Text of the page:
Page:Avon Fantasy Reader 10.djvu/38

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by Bassett Morgan

With rare imaginative power and beauty of vision, Bassett Morgan's story an arctic fountain of youth brings all the terror and fascination of the far polar plains—the eternal mystery of ice caps whose aurora is a symphony of color, whose white fields are garbed in peace, and whose atmosphere is the chilling breath of death. With such ingredients, "Bimini' is a weird tale par excellence.

Commander crayne interrupted the tale by a gesture of his hand.

"Do you mind, Captain Ek, if I call Lieutenant Murphy in and have him take down what you are telling me? I'd like to check up on a few historical dates."

The old man nodded assent.

"It's what I want. Shows you're takin' int'rest. I've told some of this to several people. They think I'm crazy like you do, only they never got as far as takin' notes."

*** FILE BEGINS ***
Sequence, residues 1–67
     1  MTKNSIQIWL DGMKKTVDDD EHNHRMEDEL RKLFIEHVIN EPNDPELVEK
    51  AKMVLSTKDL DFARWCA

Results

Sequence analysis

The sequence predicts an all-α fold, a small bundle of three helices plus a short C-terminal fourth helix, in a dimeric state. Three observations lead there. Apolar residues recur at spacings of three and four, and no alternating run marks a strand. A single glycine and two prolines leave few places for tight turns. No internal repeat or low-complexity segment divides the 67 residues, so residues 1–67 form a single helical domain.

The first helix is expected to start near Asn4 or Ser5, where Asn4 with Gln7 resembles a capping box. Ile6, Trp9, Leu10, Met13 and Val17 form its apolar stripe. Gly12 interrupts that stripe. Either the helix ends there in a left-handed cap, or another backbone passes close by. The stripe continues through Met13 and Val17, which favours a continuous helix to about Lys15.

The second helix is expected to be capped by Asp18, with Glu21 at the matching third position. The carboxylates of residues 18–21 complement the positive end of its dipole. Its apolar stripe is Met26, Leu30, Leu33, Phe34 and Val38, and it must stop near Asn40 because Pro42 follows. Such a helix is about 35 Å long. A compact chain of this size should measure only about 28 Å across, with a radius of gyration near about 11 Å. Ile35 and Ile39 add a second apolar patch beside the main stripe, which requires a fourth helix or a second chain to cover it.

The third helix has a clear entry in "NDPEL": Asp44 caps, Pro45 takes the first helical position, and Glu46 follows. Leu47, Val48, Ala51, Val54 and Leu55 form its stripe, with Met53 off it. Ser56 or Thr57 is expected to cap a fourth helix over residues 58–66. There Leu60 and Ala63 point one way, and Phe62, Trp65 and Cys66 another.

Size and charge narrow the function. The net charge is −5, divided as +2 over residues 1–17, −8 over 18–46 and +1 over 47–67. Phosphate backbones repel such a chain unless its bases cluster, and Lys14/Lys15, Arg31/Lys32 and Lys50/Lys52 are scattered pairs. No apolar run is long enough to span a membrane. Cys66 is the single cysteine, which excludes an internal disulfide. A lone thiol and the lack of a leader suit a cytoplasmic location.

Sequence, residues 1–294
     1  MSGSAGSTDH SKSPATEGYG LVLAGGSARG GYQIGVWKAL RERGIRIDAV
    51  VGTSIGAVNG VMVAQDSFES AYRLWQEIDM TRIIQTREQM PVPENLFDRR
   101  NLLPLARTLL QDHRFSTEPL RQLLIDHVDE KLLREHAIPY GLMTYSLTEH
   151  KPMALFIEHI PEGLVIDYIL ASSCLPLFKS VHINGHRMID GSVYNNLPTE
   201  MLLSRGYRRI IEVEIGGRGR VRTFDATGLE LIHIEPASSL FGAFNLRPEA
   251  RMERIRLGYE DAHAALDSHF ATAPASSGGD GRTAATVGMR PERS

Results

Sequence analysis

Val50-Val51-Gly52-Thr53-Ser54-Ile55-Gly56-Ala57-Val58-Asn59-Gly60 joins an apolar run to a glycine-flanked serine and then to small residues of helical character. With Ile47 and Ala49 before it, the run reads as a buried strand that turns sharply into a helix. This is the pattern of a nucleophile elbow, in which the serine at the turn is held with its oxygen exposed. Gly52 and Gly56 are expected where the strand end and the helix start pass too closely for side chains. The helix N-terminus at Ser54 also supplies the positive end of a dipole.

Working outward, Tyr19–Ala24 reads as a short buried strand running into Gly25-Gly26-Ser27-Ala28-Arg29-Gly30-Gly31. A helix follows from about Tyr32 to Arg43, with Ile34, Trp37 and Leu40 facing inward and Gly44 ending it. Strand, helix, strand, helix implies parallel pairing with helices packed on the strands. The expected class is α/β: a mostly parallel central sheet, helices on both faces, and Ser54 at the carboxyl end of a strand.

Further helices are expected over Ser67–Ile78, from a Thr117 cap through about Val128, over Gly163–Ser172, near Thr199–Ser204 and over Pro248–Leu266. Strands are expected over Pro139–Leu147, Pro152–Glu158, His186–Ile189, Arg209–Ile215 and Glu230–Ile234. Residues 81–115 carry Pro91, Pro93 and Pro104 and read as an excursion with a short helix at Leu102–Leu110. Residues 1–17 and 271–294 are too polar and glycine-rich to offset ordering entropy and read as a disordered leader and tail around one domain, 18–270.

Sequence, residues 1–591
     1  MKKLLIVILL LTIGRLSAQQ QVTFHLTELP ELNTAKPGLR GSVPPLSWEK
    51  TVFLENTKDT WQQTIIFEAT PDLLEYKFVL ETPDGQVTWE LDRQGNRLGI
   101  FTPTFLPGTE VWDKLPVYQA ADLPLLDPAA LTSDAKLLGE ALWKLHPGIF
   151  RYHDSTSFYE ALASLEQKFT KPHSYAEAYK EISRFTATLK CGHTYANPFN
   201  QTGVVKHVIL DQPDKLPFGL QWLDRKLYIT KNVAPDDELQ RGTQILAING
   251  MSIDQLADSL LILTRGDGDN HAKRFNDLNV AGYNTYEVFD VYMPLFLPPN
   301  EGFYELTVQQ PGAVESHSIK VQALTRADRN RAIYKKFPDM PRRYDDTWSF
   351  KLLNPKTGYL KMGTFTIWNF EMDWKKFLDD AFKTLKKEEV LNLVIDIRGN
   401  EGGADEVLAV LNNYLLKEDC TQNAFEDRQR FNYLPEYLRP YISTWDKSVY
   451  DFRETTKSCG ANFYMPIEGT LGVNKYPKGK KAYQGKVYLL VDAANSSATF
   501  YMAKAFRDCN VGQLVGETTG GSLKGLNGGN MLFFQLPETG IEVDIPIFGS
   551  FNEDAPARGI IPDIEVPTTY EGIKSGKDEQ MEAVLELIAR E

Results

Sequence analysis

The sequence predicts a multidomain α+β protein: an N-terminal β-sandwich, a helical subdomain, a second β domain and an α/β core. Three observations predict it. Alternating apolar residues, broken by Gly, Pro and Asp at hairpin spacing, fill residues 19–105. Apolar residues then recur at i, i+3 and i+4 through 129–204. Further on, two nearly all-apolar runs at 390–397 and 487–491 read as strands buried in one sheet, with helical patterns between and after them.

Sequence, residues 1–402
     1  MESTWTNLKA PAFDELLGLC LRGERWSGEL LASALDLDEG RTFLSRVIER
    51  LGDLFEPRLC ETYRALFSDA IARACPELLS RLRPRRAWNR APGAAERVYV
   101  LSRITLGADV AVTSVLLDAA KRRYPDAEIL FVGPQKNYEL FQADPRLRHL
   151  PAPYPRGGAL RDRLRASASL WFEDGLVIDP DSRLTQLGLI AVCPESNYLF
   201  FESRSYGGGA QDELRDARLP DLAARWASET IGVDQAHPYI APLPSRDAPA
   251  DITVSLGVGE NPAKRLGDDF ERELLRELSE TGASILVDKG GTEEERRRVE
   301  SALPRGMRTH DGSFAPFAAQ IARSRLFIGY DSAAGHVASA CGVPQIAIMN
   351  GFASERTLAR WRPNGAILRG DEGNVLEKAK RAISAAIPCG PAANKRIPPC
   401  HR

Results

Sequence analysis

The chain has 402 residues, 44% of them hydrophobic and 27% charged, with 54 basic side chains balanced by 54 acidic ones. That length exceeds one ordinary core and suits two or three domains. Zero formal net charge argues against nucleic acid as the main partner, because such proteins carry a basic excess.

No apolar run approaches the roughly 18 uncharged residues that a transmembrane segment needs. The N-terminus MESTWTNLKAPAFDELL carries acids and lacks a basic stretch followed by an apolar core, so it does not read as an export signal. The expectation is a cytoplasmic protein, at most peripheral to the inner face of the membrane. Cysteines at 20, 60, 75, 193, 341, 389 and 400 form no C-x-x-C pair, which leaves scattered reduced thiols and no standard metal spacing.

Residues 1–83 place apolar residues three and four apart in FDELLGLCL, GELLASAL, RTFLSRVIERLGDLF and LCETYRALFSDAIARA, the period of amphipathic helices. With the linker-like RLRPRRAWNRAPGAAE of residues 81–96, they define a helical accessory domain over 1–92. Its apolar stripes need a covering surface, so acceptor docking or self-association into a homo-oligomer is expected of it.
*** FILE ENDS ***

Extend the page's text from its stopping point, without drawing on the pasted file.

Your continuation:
"Captain Ek, this is my aide, Lieutenant Murphy. He was with me on the polar flight. He is taking the brunt of this trip and I don't mind telling you that I'd rather take a dozen trips like our northern one than meet the crowds and dodge this publicity.—Murphy, Captain Ek is telling of a trip he made north. Please make a note of places he mentions and data."

Lieutenant Murphy, was one of those Americans who "don't have to come from Ireland to be Irish." Stormy black lashes "set in with a smutty finger" hid twinkling blue eyes as he looked at Captain Ek, whose white hair and silvery beard were close-trimmed, whose leathery brown skin showed fine wrinkles, and whose general appearance gave the impression of a man prematurely white.

Commander Crayne, whose name still occupied newspaper headlines recounting columns of his achievement in circling the North Pole and remaining in its vicinity long enough to make valuable discoveries which no other polar explorer had done, sat near the window. His face was in shadow and did not reveal the incredulity of his mind at the tale Captain Ek had been telling. He had first been impatient. So many visitors had called during his